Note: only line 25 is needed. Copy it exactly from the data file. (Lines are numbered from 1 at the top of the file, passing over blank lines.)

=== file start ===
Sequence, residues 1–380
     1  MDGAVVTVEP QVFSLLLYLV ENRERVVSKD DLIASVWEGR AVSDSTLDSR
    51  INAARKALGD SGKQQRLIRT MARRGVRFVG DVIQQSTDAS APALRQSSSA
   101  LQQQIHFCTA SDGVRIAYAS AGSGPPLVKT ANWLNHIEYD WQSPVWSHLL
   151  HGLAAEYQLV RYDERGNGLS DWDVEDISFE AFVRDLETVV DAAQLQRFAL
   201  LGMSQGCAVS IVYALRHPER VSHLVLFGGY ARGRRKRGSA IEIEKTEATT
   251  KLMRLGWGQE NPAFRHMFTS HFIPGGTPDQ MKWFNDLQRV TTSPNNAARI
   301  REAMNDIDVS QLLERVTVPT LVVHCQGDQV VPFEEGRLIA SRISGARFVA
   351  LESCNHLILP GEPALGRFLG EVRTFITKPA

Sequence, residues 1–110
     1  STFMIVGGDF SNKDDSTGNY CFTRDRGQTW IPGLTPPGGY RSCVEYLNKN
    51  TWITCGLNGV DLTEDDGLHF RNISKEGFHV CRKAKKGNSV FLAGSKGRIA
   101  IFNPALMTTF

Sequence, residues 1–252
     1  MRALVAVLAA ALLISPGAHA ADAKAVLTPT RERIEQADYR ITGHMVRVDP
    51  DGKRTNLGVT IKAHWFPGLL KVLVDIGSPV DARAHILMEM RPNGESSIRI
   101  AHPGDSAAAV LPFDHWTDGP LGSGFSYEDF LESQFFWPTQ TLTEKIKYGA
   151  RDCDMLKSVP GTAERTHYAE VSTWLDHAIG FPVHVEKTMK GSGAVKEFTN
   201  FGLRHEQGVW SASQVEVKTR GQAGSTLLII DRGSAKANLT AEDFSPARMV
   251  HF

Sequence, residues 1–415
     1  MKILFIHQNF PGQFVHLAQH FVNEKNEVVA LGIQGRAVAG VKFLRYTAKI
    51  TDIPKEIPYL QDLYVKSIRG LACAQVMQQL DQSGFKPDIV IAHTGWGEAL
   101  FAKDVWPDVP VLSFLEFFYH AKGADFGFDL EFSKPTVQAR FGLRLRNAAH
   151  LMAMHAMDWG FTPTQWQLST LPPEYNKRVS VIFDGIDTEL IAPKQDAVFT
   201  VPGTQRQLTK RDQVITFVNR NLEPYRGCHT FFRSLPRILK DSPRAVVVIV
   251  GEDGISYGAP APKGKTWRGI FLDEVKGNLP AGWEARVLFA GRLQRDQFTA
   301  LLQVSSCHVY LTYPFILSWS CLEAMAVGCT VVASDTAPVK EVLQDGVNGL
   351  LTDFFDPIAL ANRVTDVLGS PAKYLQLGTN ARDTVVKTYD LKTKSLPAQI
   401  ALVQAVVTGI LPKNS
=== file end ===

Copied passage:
   151  LMAMHAMDWG FTPTQWQLST LPPEYNKRVS VIFDGIDTEL IAPKQDAVFT